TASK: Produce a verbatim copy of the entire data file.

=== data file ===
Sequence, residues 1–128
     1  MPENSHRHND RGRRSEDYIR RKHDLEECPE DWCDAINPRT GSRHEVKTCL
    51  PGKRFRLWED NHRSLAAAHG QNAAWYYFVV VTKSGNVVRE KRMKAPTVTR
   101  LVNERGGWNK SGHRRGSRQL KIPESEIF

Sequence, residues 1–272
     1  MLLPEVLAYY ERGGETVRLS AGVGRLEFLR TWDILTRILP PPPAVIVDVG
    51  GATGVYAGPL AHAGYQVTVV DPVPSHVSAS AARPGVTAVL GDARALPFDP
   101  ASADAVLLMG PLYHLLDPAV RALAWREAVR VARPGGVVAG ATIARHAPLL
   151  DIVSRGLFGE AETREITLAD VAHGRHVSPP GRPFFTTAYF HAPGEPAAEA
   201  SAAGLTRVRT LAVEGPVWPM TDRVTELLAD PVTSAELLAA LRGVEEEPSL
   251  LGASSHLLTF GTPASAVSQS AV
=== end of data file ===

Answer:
Sequence, residues 1–128
     1  MPENSHRHND RGRRSEDYIR RKHDLEECPE DWCDAINPRT GSRHEVKTCL
    51  PGKRFRLWED NHRSLAAAHG QNAAWYYFVV VTKSGNVVRE KRMKAPTVTR
   101  LVNERGGWNK SGHRRGSRQL KIPESEIF

Sequence, residues 1–272
     1  MLLPEVLAYY ERGGETVRLS AGVGRLEFLR TWDILTRILP PPPAVIVDVG
    51  GATGVYAGPL AHAGYQVTVV DPVPSHVSAS AARPGVTAVL GDARALPFDP
   101  ASADAVLLMG PLYHLLDPAV RALAWREAVR VARPGGVVAG ATIARHAPLL
   151  DIVSRGLFGE AETREITLAD VAHGRHVSPP GRPFFTTAYF HAPGEPAAEA
   201  SAAGLTRVRT LAVEGPVWPM TDRVTELLAD PVTSAELLAA LRGVEEEPSL
   251  LGASSHLLTF GTPASAVSQS AV